A Tremendous Restraint and Delicacy to Lewis’ Performance
by Shane Ryan | Paste Magazine | March 10, 2023
If you are, like me, intermittently obsessed with the business of espionage, the name Kim Philby holds a sort of ineffable mystique in the darkest corners of your brain. Philby was the most notorious of the Cambridge Five, a group of British intelligence operatives who betrayed their country in ways big and small by spying for the Soviets from the 1930s through World War II, and in some cases well into the Cold War. Philby rose the highest, and caused the most damage and sacrificed the most lives—at one point, he was the chief British intelligence officer in the U.S.—and what’s most remarkable about his story is not his ideology, or his treason, but the fact that he should have been caught decades before he fled to the USSR.
Suspicions, allegations, and outright evidence of his betrayal had accumulated, and in 1951—after helping two of his fellow KGB spies escape to Moscow—he was accused publicly, grilled, and eventually had to resign from MI6… only to be granted immunity. He continued to work as a spy until he finally fled to Moscow in the ’60s, slipping from the grasp of British intelligence, whose thriving old-boy network may have let him go on purpose to avoid a scandal.
How could this possibly happen? To hear Philby tell it, it’s because he was born in the “governing class.” In other words, he was never going to be pressed too hard, and he would always get the benefit of the doubt, because he was the right kind of person, and the upper classes protected their own. To his friends and colleagues, a betrayal of the sort he committed was unthinkable, despite the fact that they’d watched several others do the same thing. And so he only had to keep his nerve, never confess, and keep double-crossing his friends and country until it became too egregious even for the diehards to ignore.
This is the dynamic explored in the excellent new MGM+ show (formerly Epix) A Spy Among Friends, a fictional look at the Philby affair based extremely loosely on the book of the same title by Ben Macintyre. While Macintyre’s compelling work is nonfiction, we’re told early on that the six-part limited series is “a work of imagination,” using real historical figures to tell a story they like just a little bit better. And if there’s a quibble to be had, it’s this: The overarching narrative here is that the spymasters of the British Empire were not simply duped over and over in the most humiliating way, but operating on some deeper level. You can argue that it’s a cop-out to depict something this way, even if you label it clearly as fiction; it exonerates the upper crust for the snobbish blind faith leading to one of the most disastrous diplomatic incidents the west ever suffered in the Cold War.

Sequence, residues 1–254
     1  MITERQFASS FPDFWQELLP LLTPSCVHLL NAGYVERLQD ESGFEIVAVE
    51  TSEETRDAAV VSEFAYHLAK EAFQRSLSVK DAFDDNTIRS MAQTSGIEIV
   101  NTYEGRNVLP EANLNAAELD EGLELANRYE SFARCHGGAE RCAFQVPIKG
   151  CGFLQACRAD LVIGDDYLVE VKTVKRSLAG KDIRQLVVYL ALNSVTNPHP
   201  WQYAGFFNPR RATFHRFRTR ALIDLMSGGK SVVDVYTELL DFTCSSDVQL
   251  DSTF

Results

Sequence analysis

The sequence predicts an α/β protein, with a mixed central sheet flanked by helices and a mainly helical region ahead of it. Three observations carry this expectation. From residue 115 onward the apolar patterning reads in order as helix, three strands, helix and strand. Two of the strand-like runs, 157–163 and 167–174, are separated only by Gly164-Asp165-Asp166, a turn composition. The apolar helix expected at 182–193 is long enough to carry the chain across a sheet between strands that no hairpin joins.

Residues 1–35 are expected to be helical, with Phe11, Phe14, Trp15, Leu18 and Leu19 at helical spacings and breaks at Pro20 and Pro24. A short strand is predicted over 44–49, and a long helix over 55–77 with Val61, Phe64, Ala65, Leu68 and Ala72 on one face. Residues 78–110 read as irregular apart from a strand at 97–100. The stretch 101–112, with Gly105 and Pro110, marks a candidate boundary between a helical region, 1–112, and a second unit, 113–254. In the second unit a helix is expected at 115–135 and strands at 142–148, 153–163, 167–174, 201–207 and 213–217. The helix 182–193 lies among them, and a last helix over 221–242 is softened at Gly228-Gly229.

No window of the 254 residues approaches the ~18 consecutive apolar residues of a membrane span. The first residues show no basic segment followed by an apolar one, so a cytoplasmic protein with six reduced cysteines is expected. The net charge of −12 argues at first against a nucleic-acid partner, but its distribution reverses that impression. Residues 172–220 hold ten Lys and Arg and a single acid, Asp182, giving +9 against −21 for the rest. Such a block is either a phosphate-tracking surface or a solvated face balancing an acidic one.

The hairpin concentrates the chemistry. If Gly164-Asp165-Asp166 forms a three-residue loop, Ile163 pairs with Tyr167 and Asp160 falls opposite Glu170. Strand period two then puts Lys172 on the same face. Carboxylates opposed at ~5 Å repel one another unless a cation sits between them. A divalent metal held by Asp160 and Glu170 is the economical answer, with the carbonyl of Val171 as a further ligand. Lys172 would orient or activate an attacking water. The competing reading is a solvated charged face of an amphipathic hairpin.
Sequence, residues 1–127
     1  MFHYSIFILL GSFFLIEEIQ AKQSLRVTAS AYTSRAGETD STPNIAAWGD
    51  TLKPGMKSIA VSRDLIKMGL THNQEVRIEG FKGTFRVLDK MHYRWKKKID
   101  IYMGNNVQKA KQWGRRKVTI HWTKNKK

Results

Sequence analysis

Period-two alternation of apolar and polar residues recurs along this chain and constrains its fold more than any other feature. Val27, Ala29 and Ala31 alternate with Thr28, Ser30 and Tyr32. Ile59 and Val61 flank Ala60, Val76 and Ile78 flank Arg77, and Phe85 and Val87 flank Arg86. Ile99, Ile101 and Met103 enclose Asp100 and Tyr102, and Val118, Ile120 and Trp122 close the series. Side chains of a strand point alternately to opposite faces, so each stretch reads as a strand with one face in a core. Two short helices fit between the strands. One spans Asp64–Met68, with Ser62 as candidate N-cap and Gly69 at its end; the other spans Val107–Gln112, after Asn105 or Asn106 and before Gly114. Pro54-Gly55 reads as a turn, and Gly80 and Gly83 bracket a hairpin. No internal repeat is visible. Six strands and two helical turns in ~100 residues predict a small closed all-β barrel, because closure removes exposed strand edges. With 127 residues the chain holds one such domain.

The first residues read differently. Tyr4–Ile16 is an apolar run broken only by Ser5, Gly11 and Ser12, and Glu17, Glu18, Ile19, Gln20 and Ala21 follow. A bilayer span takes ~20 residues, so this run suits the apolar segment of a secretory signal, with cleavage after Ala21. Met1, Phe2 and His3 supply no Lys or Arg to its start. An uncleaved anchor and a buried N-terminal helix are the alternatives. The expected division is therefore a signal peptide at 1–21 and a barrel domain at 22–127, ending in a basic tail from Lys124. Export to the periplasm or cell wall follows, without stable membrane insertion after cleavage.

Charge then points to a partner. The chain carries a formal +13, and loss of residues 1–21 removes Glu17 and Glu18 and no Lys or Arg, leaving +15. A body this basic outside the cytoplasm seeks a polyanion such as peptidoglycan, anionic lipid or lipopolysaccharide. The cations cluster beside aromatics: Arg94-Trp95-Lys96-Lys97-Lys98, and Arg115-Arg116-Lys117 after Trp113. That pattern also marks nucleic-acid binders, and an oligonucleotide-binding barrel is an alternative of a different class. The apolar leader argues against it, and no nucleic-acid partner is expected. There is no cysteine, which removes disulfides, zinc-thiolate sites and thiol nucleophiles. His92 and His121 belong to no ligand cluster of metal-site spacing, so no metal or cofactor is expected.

There is something legitimate in that line of argument, but the show is a comprehensive pleasure despite it. Guy Pearce stars as Philby, and it’s hard to imagine a better casting choice; he’s vulnerable, a little desperate, but at heart always charming, always skilled at making others love him. John LeCarre, the great spy novelist, recognized the spy-like tradecraft in the acting profession, particularly as it applied to Alec Guinness in his depiction of George Smiley, and in Pearce you can see the raw energy that blurs the lines between his own real-life craft and the tightrope walk undertaken for decades by Philby. He is pitch-perfect. Nearly as great, in perhaps a more taxing role, is Damian Lewis as Nicholas Elliott, Philby’s friend-turned-adversary whose task was to finally debrief Philby when he had been caught beyond reasonable doubt, and return him to England. Lewis’ depiction is rife with rage at Philby, panic at the potential crash of his own career, but in the best moments, full of a love for Philby that even the greatest betrayal couldn’t erode. There’s a tremendous restraint and delicacy to Lewis’ performance that is, to me, miles better than his solid performance in Homeland, and when that restraint slips, the emotional release is something to behold.